My story in this is “Golden Age,” a tale of surgical life prolonging procedures that lead to a possible near-immortality, originally published in MINDSPARKS in Spring 1994 and also reprinted in Smart Rhino Publications’s 2017 ZIPPERED FLESH 3 anthology.  And for a sort of a preview about this first issue, or at least its authors, one can press here for a list of bios with further links to blogs and personal websites, Facebook pages, etc.

It had originally been planned for late summer but there were delays.  Such often happens.  But SPACE OPERA LIBRETTI (cf. November 2, February 11, et al.) Editors Jennifer Lee Rossman and Brian McNett plugged on and, now in the homestretch, another milestone has been passed.  The cover and back cover have been designed and can now be revealed.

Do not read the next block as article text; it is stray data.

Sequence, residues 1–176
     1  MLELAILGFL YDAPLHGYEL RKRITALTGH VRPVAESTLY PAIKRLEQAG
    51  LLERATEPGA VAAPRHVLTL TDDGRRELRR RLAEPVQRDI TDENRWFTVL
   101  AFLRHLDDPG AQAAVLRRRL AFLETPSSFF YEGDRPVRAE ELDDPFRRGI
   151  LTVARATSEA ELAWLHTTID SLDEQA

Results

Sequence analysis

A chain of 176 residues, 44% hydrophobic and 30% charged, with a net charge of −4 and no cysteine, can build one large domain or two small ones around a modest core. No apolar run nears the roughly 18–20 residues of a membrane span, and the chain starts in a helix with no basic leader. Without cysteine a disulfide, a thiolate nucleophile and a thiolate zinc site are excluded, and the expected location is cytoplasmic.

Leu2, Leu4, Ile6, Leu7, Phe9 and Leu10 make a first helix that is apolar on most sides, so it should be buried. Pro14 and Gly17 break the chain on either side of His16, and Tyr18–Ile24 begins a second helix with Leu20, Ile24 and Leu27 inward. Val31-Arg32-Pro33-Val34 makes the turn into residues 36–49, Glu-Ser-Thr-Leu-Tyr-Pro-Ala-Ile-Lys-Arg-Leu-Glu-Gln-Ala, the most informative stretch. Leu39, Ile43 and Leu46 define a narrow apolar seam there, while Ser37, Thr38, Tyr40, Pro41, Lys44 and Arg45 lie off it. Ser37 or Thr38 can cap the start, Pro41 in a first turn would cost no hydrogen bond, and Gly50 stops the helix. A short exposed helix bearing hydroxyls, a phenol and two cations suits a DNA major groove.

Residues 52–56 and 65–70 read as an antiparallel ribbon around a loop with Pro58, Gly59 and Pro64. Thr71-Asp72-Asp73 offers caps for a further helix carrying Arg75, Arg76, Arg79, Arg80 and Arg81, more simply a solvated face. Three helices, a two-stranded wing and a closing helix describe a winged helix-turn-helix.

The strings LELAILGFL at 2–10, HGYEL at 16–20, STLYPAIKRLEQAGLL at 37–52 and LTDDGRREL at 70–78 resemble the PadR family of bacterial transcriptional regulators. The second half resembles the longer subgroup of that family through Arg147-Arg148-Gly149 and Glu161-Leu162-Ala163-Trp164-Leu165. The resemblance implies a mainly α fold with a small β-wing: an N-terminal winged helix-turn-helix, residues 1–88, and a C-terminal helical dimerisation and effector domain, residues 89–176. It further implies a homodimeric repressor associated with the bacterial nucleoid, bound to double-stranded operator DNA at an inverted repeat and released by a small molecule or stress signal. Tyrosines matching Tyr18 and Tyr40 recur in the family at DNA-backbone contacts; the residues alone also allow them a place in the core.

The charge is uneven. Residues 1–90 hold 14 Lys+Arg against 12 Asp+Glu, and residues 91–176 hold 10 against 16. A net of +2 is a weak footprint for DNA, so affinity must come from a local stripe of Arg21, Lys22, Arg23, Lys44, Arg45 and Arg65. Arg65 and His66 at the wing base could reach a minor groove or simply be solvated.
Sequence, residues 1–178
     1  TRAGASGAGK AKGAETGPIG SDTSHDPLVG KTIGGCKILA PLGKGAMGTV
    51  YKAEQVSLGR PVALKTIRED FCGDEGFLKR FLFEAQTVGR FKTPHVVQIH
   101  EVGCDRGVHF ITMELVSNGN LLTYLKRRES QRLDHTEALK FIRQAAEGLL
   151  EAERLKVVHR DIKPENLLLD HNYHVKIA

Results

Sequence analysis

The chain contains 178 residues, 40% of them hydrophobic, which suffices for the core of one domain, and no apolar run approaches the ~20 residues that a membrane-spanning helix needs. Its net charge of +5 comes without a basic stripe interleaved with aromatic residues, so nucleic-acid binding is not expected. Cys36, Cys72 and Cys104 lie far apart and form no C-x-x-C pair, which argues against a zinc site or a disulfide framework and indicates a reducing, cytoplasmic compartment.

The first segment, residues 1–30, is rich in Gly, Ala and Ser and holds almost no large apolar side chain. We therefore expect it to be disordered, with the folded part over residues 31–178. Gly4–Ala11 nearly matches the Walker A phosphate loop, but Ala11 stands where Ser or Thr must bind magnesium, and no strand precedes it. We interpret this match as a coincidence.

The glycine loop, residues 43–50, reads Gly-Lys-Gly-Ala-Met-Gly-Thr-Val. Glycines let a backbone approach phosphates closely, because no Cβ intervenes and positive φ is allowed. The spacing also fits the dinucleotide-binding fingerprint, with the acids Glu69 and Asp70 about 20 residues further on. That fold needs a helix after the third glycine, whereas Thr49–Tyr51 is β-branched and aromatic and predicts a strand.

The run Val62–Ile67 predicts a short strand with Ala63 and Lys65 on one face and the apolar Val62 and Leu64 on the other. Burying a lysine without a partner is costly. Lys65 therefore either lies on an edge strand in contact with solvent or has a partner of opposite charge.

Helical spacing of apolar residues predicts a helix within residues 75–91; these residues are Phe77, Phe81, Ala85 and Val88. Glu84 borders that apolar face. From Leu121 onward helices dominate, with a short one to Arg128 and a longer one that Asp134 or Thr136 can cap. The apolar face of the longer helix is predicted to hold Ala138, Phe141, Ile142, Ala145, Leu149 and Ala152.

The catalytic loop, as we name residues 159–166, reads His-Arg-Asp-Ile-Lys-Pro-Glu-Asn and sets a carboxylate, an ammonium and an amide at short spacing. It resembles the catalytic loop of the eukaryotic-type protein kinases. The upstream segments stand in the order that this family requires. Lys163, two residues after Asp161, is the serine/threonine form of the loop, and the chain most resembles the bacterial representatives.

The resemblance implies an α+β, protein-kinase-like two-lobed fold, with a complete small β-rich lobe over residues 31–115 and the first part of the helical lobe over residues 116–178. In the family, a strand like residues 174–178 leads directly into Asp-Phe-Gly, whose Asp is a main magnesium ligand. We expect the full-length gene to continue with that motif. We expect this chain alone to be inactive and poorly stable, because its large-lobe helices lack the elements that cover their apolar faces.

For those who’ve forgotten, this is the anthology for (quoting the guidelines) [d]ramatic, large-scale stories of the distant future, focused on optimism and inclusion and blowing things up.  Weird mashups.  Actual arias.  Fat ladies singing on funeral pyres.  Watery tarts distributing swords optional.  Play fast and loose.  No holds barred as long as it’s a tasteful treatment written with respect.  Stories were to be from 2500 to 7000 words, mostly original but with a few “outstanding” reprints.  Thus my own entry, “The Needle Heat Gun,” is one of the latter, originally published in NIGHT LIGHTS (Geremid Press, 2016), with the tale it tells one of two brave spacemen, though only one can be the hero, and equally heroic music badly performed.

But all this should be available soon as publication time draws nigh, with more to be reported here as it becomes known.